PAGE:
When a Method Can Do Nothing, Michael Feathers:
If polymorphism means anything at all, it means that the object is in charge. We send it a message and it is up to it to decide what to do. That’s core to OO and part of Alan Kay’s original view of objects – that they are all about messaging. That said, it is not the dominant view today.
The majority of this article is on working with/around conditionals using intention-revealing method names or null objects. Yet, this paragraph smacked me in the face with “oh, yeah, obviously!”. Lots of people view the moving parts in object-oriented languages as ways to group and share functionality. But to people who talk about OO a lot, read the history books, read the pattern books, know what SOLID is, etc. it’s an entirely different thing.
Here’s a sports metaphor: the Dallas Cowboys are a widely disliked sports team, for various reasons. If I was from anywhere but Dallas, it would be “not cool” to count myself one a fan. But being from Dallas, I have an entirely different view on the Cowboys and can safely watch their mostly mediocre performances with occasional memories of greatness, safe from scorn.
I find that holding that tension in my head is important when talking to sports fans. It’s the same with OO: you haven’t read the books, watched the presentations, or worked the exercises I have. We’re on different pages, but we need to talk about the same code and how to structure it. There’s a tension between my understanding of OO and the next person, but it’s not a barrier. We have to get our language straight before we can talk about language!
In short, we have to establish what city in OO-land we’re from before we can effectively talk about OO.
What future are we building, given that we play a role in such an important process?
On the role designers play, what they do as careers progress, and how design can positively enhance the world.
Reminder: if you tilt your head just so, developers do a lot of design activities too.
A channel, a sewer, Alabama, and a sunset walk into a bar:
What’s intriguing you, dear reader?
The best thing you’ll read about football today. Peyton Manning is what happens when a guy with the attention to detail of an accountant is also proficient at throwing a football and making snap decisions. Manning also looks like he could give you excellent tips on cutting your hedge or fixing that one toilet.
This is why Peyton is my favorite Manning.
Better Code Design through Pictures:
Looking at a picture like this reveals so much that is missing when only looking at Emacs or Vim. Classes that violate the Single Responsibility Principle may become obvious because they’re related to too many other classes. Cyclical dependencies might be identified. Even class names may be brought into question. These discoveries are not very obvious when writing code, but they were remarkably obvious once we threw the structure up on the whiteboard.
I almost always have some kind of notebook and pen by my side so that I can doodle words and shapes. Having a whiteboard nearby is even better.
This advice is going on a year old, but it’s still some of the best around. If you’ve got ungainly ActiveRecord objects that are doing way more than abstracting your data model, you are missing classes in the design of your application. Chances are, one of the objects Bryan describes here is what you might want to extract.
Facing risk by instrumenting the hell out of it:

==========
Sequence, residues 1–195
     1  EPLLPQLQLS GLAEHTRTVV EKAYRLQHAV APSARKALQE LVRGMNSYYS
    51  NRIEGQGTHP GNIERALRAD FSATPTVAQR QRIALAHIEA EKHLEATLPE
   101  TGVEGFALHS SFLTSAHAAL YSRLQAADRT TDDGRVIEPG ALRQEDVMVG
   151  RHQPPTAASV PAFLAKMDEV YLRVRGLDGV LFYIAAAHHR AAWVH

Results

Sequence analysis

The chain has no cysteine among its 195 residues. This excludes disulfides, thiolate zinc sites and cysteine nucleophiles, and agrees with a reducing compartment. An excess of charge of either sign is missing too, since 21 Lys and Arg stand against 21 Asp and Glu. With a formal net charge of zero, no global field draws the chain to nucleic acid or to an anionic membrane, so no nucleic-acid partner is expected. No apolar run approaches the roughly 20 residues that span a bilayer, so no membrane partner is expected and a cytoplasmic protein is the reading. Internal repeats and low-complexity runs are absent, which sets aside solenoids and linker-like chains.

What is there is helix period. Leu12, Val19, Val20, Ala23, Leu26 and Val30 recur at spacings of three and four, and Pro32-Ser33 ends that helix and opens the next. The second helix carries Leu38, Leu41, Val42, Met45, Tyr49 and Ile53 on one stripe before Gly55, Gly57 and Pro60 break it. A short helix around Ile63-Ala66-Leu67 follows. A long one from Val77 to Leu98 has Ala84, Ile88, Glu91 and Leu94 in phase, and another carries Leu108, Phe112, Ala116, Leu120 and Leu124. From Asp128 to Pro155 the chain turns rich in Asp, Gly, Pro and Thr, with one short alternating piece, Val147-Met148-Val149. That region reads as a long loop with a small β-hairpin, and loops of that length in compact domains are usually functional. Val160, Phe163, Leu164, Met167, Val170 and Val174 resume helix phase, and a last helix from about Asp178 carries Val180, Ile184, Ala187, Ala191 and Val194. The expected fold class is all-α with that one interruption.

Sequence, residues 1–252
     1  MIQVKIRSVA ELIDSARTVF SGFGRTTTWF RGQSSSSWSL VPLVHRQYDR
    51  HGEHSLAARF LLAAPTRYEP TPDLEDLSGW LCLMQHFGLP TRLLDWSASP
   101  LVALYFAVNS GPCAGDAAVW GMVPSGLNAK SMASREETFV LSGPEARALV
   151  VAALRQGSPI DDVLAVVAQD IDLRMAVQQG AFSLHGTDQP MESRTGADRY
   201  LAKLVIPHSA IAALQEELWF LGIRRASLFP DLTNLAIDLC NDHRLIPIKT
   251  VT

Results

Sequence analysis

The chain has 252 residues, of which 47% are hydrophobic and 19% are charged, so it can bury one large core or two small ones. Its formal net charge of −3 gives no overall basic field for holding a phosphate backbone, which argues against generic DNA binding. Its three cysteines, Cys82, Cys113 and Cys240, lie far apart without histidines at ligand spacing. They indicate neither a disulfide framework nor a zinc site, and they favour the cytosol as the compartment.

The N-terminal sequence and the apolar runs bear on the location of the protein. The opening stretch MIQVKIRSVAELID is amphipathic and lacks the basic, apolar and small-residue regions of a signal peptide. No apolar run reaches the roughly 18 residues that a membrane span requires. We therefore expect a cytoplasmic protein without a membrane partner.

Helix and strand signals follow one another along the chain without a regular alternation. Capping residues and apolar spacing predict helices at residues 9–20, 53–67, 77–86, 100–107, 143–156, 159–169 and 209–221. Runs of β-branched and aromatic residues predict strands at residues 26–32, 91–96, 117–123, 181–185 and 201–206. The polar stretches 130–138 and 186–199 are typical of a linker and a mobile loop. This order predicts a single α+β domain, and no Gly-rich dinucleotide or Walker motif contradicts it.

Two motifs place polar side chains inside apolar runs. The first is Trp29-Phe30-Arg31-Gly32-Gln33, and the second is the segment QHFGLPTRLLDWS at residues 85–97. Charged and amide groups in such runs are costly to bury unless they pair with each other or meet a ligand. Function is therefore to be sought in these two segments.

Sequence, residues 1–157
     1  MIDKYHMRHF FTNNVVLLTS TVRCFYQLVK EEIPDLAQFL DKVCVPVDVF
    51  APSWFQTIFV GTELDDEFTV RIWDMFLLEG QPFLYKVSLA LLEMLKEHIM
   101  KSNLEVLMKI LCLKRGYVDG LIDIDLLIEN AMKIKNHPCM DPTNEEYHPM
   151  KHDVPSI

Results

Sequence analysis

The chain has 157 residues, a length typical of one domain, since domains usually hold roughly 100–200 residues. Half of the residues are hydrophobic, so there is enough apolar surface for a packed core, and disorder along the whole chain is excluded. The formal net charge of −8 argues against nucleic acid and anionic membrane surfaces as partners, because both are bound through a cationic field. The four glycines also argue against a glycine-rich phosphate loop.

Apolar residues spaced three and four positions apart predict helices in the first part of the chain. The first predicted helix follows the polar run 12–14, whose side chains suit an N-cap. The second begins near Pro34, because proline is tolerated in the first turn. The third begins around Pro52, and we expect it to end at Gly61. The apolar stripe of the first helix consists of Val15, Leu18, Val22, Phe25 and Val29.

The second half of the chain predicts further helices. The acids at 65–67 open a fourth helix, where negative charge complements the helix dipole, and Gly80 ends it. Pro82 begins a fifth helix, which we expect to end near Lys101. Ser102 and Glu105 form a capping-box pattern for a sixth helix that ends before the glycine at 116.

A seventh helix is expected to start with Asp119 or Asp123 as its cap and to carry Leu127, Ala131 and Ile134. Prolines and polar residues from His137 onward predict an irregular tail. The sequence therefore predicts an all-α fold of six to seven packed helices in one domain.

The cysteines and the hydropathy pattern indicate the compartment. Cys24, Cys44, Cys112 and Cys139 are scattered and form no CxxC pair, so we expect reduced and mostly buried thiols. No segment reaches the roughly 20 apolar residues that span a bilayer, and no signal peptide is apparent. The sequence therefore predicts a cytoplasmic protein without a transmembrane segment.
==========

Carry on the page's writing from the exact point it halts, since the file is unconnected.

Software development is a complex system existing as it does at the intersection of people, systems, good intentions, confused and changing goals, and overly literal state machines. Past behavior isn’t always an indication of future behavior, and humans are terrible at reasoning about complex systems. As such we’re unlikely to know or have good visibility into whether we’ve reached a steady state and our hypotheses are likely to be wrong. In this uncertain and complex environment we initiate change only when the cost of not making a change overcomes the fear of making it.
First in a series on how Etsy writes, deploys, and operates changing software without The Fear. Thanks for writing this stuff down, Kellan!
Problems, puzzles, startups as dynamic mazes:
just running to the entrance of (say) the “movies/music/filesharing/P2P” maze or the “photosharing” maze without any sense for the history of the industry, the players in the maze, the casualties of the past, and the technologies that are likely to move walls and change assumptions
I love this idea about thinking of solving systems as though they were an ever-changing maze, with history (fallen players) embedded within the system. Doubly so when you extend the metaphor to solutions that route around one problem to brazenly take on another problem. If this had a further extension to football playcalling, it would be perfect.
Practice Responsible Refactoring:
When cleaning up the code enables you to work faster for a task you aren’t dreaming up but actually have at hand, refactoring is the way to go.
Dave Copeland makes the point that refactoring without a value-added change (feature, improvement, bug fix, optimization, etc.) is a losing proposition. By the numbers, he’s absolutely right. Further, I’ve found that probably half of the refactorings I’m convinced are necessary aren’t as simple or useful as I thought once I get an hour into them. Despite all that, keep doing therapeutic refactorings for practice and to keep your spirits up.
Here’s a nice story on technology that isn’t startups: Unhappy truckers and other algorithmic problems. Logistic networks are a technology, just like smartphones. They make our world way better, but they do so invisibly and at a slower pace than the churn of mobile apps, web frameworks, and startups. But they’re still solving problems, moving the needle. They’re just, possibly, less obsessed with technology tribalism and fashion. Some days, that seems like a pretty useful space to find oneself in.